Apart from the justice’s perspective, It is in incongruity to the POSH Act which enables only an “aggrieved women” to file a complaint. However, under University Grants Commission Sexual Harassment Regulations, students of all gender, including males, females and transgender are allowed to file complaints under their respective college Internal Complaints Committee.

In 2018, two petitions were filed in the Supreme Court challenging the constitutionality of Section 354, 354A, 354B, 354D and 375 of Indian Penal code 1860, claiming gender neutrality laws. This petition was not entertained. Subsequently, a petition in the Delhi High Court was dismissed and the above-mentioned sections were challenged for their constitutionality. The court reasoned that the government has considered the Law Commission Report, therefore; no amendment can be made as there was no reason to entertain the petition.


After the outrage of Nirbhaya rape case (2013), on July 2019 KTS Tulsi, Parliamentarian and Senior Lawyer had introduced a private members bill being a social issue and not a political issue before Rajya Sabha, proposing to make sexual offence gender-neutral. It proposes to change “man” and “women” to “any person” including transgenders in criminal laws and also to insert Section 375-A for the punishment of Sexual Assault.

The Ministry of Women and Child Development, has proposed amendments in Immoral Traffic (Prevention) Act, 1956, to change the words “his” or “her” to be gender-neutral.

On November 12, 2018, the Supreme Court refused the petition challenging the constitutionality of Section 375 Indian Penal Code which deals with Rape as the Ministry of Home Affairs has clearly stated that Rape cannot be gender-neutral as most victims are women and offenders are men.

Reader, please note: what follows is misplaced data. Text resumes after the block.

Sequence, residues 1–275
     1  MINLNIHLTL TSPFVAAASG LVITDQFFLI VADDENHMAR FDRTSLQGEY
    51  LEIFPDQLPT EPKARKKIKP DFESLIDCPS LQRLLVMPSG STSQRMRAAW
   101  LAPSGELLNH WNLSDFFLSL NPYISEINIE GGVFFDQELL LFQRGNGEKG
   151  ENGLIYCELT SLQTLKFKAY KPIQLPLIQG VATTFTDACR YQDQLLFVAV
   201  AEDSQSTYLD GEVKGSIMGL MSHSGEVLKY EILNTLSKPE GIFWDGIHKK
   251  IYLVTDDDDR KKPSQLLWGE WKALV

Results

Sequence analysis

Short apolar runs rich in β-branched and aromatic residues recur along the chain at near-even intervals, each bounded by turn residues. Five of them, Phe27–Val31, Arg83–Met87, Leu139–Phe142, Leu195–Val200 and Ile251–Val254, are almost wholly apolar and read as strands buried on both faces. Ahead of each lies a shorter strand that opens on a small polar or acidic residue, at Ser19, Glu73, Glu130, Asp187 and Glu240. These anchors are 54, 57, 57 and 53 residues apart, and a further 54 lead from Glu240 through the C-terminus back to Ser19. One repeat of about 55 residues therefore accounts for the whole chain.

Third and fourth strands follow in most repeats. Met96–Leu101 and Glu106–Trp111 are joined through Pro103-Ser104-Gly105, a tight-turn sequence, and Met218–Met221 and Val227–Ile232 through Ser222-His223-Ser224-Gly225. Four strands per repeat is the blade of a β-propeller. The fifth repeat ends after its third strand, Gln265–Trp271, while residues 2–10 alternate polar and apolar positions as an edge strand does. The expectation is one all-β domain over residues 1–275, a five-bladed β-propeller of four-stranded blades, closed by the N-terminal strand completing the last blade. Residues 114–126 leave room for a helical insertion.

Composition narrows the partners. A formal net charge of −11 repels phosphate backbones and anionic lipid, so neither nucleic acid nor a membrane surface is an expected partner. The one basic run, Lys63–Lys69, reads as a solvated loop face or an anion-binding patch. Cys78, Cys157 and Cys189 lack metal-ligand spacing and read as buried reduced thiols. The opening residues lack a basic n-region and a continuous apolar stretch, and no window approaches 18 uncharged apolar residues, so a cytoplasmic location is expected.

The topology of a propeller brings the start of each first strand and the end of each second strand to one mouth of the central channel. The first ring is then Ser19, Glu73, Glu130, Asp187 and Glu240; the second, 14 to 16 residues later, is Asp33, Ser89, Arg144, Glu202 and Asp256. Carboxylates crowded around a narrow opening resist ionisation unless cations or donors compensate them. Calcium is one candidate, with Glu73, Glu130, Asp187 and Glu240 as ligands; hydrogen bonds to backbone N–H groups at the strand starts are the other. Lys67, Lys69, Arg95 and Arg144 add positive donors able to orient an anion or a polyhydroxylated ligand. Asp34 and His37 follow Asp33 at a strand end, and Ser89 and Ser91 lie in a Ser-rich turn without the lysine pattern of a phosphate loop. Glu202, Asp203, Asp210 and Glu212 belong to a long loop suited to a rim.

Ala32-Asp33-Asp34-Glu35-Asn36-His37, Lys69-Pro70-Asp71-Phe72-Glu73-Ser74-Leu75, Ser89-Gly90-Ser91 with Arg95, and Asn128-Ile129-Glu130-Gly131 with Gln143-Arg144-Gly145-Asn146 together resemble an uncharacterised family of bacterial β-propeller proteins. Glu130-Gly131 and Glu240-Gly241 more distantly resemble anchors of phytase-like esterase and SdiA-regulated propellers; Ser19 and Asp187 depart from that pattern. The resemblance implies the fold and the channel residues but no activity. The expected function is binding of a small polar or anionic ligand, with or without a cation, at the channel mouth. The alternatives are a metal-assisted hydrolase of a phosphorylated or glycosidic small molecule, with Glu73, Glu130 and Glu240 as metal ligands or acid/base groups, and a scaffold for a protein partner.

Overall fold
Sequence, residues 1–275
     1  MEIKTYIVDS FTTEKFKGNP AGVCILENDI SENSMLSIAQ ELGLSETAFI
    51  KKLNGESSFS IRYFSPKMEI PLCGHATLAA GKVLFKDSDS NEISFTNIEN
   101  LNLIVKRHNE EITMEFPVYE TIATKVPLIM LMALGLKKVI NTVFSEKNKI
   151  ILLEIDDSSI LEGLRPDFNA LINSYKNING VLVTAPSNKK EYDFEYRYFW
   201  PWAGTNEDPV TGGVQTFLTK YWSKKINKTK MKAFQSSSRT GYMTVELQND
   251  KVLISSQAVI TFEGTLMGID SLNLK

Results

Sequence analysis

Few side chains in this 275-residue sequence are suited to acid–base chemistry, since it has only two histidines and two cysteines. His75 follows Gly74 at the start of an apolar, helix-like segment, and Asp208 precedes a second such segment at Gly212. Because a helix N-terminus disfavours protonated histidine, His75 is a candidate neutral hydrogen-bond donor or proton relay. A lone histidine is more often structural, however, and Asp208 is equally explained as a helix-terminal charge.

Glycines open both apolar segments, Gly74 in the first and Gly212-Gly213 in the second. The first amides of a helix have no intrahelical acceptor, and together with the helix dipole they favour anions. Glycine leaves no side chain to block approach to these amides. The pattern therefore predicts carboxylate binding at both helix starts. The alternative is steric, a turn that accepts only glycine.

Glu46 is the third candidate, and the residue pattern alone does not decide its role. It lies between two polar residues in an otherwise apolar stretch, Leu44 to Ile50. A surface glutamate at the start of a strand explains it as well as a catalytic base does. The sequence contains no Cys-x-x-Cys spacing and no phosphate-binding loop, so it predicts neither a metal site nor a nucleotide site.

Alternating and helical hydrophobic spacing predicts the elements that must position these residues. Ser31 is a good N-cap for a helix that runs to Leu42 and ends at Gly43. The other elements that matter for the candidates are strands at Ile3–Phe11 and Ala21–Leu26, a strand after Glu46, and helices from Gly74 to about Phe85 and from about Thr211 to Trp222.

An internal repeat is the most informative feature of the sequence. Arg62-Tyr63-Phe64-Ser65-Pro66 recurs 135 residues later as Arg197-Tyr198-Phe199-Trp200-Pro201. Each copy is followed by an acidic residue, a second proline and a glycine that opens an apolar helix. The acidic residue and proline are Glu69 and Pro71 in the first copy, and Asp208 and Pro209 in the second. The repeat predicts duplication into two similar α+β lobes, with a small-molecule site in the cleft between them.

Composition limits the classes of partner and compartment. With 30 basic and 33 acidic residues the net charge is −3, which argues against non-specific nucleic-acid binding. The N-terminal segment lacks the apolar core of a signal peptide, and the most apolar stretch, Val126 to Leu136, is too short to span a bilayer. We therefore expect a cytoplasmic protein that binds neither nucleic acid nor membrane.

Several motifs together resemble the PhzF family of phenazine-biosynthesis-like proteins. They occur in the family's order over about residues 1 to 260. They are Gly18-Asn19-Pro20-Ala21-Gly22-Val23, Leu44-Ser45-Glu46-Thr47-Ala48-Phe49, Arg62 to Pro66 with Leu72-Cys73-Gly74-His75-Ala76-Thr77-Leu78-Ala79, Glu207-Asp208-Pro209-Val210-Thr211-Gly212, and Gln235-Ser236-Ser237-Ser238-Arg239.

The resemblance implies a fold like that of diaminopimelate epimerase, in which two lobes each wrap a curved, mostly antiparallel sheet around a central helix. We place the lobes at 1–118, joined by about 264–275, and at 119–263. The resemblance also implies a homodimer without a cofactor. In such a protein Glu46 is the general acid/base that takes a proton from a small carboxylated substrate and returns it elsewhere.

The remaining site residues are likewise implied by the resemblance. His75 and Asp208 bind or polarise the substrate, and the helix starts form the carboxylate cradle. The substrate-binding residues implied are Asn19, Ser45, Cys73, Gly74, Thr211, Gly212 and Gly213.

The International Labour Organisation had formulated “Convention on Elimination of Violence and Harassment at Workplace, 2019” at the 108th International Labour Conference on 21st June 2019, defining sexual violence occurs irrespective of their sex. It mandated all the UN member states to formulate labour laws as per the above-mentioned mandate. India has failed to ratify this convention currently.


As a citizen or any person or any gender for that matter must be treated with equality and dignity. That serves as the true essence of democracy, dignity and gender equality It is not only the duty of the employer to ensure a hostile environment; the employees must also contribute equally. Article 14 of the Constitution guarantees the right to equality, therefore, all genders are considered and treated the same by the court of law. Taking shelter under Article 15 does not deprive men and transgenders of their Article 14 right. Therefore, sexual harassment status quo suffers from the aforementioned infirmities.


  1. Gaurav Prakash, Advocate Gender Neutrality and Sexual Harassment Laws in India May 3, 2020,
  2. The Sexual Harassment of Women at Workplace (Prevention, Prohibition and Redressal) Act, 2013 Act no. 14 of 2013
  3. Vishaka & Ors vs. State of Rajasthan AIR (1997) SC 3011 (India) – Sexual Harassment Landmark Case.
  4. India Const. Art.14 – Right to Equality.
  5. India Const. Art.21 – Right to Life.
  6. Aneesha Mathur, sexual crimes gender neutral Bill introduced in Parliament July 13, 2019,
  7. University Grants Commission (Prevention, Prohibition and Redressal of Sexual Harassment of Women Employees and Students in Higher Educational Institutions) Regulations, 2015.
  8. Violence and Harassment Convention, 2019, June 21, 2019, 108th International Labour Conference.
  9. Article 2, Violence and Harassment Convention, 2019.
  10. Article 9, Violence and Harassment Convention, 2019.
  11. John Stokes, India’s Laws should recognize that men can be raped too. SCROLL, Sept 11, 2014
  12. Sakshi Raje Is Sexual Harassment gender neutral? Jan 6, 2020,
  13. Women and Child Development proposed Amendments in Immoral Traffic (Prevention) Act, 1956
  14. Sudesh Jhaku vs. K.C. Jhaku (1998) CriLJ 2428 (India)